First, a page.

The child on the picture is too small and innocent to hate us yet. But by the time he can speak he will learn that non-Muslims are “apes and pigs” and his hatred against us is valid and endorsed by God himself.
Occasionally, although very rarely, Muslim intellectuals who have traveled the world and learned to see life from a different perspective far away from indoctrination, discuss the problematic issues of Islam in public. They are not given much airtime so their appearances are quite few.
Two intellectuals who have not spared their criticism of the culture and system that teaches this hate is the Former Dean of Islamic Law at Qatar University, Abd Al-Hamid Al-Ansari and the Bahraini intellectual and Liberal Author Dhiyaa Al-Musawai who used to be an Imam but threw his robes aside. To view a video on their ‘controversial’ views, click the links below.
Abd Al-Hamid Al-Ansari: “Our satellite channels deserve the name “media of terrorism”. They spread among the youth ideas that may not be outright terrorism but spread extremism. Such extremism is the beginning of violence and fanaticism, and violence lead to terrorism. Fanaticism – extremism – violence – terrorism.”
Dhiyaa Al-Musawi: “We, I’m sad to say, are against creativity and civilization, and against any language that seeks a common ground in society. We must have the courage to get rid of the “backward” cholesterol of ideology, accumulating in the arteries of Arab awareness and the Arab mind. We suffer from backwardness. This is the truth.”
Following are excerpts from an interview with Bahraini intellectual Dhiyaa Al-Musawi, which aired on Abu Dhabi TV on December 29, 2006. Bahrain is one of the most liberal Arabic countries in the world.
We need to reform and to reshape religious thinking, because, in all honesty, the pulpits of our mosques have begun to “booby trap” the people.
Interviewer: In what way?
Dhiyaa Al-Musawi: They booby trap them by generating hatred towards “the other.” We have claimed a monopoly over Paradise, and each of us has recorded it in the land registry in his name.
The Koran is balanced. It talks about the fire of Hell and the fruits of Paradise, but we constantly preach about the horrors of Judgment Day, saying that a bald Satan, or a bald serpent, would visit them in the grave. It is constant terror. It is always a dark picture. Why? That is the problem. Unfortunately, some young men – out of a wrong interpretation of religion… The moment he becomes religious, he ceases to smile and to greet others. He accuses some people of heresy and others of sin. He begins all that discourse. He hates music, and refuses to dress neatly. His mind is abducted into the dungeons of ideology, I’m sad to say.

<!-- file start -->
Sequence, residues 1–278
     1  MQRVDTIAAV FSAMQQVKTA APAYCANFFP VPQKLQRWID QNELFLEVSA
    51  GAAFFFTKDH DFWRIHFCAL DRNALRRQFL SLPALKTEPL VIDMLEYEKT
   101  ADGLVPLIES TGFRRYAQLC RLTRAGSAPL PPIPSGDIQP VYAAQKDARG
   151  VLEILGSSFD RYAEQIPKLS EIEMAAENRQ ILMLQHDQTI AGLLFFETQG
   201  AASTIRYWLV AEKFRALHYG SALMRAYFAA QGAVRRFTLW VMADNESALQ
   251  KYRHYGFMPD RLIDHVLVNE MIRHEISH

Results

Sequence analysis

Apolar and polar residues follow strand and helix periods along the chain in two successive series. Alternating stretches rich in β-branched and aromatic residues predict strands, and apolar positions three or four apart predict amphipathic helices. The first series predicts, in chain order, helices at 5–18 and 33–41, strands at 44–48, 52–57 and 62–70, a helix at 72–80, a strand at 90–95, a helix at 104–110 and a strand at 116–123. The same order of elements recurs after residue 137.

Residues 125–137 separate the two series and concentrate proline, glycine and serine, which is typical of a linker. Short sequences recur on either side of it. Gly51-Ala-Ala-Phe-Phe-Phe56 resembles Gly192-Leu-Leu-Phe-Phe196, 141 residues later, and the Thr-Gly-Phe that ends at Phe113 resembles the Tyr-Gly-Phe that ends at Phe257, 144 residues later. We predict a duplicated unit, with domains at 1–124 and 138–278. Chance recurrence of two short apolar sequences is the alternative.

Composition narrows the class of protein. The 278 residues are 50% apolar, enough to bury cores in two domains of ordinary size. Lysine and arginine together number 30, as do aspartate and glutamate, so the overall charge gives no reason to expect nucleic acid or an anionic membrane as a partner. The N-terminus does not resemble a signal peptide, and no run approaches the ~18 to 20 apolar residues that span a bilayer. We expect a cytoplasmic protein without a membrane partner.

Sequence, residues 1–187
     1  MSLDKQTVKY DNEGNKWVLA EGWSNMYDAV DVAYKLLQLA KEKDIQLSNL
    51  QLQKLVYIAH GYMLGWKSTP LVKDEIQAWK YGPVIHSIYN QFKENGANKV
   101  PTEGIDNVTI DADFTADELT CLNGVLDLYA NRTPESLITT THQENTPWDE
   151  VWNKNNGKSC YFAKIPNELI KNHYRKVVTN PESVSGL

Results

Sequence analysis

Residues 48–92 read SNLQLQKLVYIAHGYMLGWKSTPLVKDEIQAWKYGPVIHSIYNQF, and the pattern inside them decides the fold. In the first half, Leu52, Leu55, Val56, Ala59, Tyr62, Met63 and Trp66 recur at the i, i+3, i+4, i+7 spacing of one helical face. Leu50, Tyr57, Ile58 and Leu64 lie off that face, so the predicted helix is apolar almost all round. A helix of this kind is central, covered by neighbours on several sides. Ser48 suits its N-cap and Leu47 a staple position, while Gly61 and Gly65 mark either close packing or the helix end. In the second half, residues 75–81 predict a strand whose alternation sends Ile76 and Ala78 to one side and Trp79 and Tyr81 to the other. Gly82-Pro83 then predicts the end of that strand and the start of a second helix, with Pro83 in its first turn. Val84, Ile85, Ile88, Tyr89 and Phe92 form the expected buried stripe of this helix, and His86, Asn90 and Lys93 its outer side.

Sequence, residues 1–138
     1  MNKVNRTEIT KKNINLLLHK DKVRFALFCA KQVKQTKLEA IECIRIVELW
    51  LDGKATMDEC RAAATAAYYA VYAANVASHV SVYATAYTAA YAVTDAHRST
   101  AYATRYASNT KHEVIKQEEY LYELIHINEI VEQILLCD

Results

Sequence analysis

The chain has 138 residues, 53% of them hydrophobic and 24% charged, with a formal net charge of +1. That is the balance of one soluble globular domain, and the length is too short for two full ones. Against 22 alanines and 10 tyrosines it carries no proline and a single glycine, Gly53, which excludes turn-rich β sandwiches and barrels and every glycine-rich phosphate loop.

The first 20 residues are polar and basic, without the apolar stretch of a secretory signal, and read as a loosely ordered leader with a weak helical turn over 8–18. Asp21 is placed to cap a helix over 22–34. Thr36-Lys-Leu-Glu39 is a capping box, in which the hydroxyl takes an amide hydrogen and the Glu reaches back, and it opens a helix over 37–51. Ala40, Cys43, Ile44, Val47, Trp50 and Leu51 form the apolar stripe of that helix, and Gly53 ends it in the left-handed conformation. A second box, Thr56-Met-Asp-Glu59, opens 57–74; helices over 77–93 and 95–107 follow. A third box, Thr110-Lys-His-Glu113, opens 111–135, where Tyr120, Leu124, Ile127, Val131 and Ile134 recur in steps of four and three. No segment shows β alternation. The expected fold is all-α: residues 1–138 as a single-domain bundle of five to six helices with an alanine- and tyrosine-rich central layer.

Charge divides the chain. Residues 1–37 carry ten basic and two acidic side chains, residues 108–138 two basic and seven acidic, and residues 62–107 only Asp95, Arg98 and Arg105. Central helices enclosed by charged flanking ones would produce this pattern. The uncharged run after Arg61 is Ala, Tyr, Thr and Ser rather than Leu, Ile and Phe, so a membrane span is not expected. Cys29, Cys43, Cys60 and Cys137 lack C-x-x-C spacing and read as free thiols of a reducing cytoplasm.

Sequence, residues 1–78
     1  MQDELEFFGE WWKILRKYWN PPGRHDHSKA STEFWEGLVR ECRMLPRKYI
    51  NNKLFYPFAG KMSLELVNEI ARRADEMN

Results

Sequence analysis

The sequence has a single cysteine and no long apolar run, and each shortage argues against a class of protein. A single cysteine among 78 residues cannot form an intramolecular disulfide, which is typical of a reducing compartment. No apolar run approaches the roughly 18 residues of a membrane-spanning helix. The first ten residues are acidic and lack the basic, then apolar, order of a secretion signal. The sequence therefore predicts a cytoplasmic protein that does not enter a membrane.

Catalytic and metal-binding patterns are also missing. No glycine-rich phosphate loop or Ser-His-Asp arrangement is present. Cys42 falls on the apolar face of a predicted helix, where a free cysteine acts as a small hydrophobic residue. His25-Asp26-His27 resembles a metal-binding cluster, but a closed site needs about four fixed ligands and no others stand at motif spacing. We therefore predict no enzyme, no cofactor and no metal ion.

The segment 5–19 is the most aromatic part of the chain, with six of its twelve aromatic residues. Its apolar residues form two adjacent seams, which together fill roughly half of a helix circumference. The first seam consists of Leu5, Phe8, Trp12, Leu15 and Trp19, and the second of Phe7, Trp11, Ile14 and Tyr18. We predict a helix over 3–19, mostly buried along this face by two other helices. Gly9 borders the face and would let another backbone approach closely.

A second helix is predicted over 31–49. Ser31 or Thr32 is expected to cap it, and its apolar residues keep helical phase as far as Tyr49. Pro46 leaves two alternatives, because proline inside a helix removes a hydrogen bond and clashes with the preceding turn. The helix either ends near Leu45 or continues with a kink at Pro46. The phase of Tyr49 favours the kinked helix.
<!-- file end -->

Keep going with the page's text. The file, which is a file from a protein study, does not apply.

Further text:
Interviewer: Let me ask you a question. If a Shiite, or even a Sunni, becomes a religious cleric, yet he listens to music, can the Arab public possibly accept him?
Dhiyaa Al-Musawi: In my view, the Arab disposition suffers from many problems. We have destroyed many things, including the beauty of the general disposition. Music is a beautiful thing…
Interviewer: Do you listen to music? [Music is forbidden in many Islamic countries]
Dhiyaa Al-Musawi: Yes, I listen to music. I listen to classical music, and I think Beethoven’s symphonies are very beautiful. They are among the masterpieces of human art. I believe that music develops the spirit of Man and humbles him. What is wrong with that?
As for the policy of non-violence, I’d like to give you the example of Gandhi, whom I consider a hero. If only we could obtain some of Gandhi’s genes, and plant them in the brains of our youth in the Arab world…
Interviewer: In your home, you have pictures of Martin Luther King and Jesus on the wall.
Dhiyaa Al-Musawi: In my home, I put up a picture of Jesus, because whenever I look at his picture, worlds of peace and love open up before me. It was Jesus who said: “Love thy enemies, bless them who curse thee.” We need this beautiful language in our society. I also have a picture of Gandhi, whom I consider to be a very fine person, and whose [image] we should plant in the minds of our youth.
Some of us say: “May Allah curse the Jews and the Christians, the offspring of apes and pigs.” Is this the language of progress? Is this the language of enlightenment and tolerance? If you had been born in Rome, you would have been Christian, if you had been born in Tehran, you would have been Shiite, and if you had been born in Saudi Arabia, you would have been Sunni, and so on. How wonderful it would be if all these people could gather in love around the table of humanity.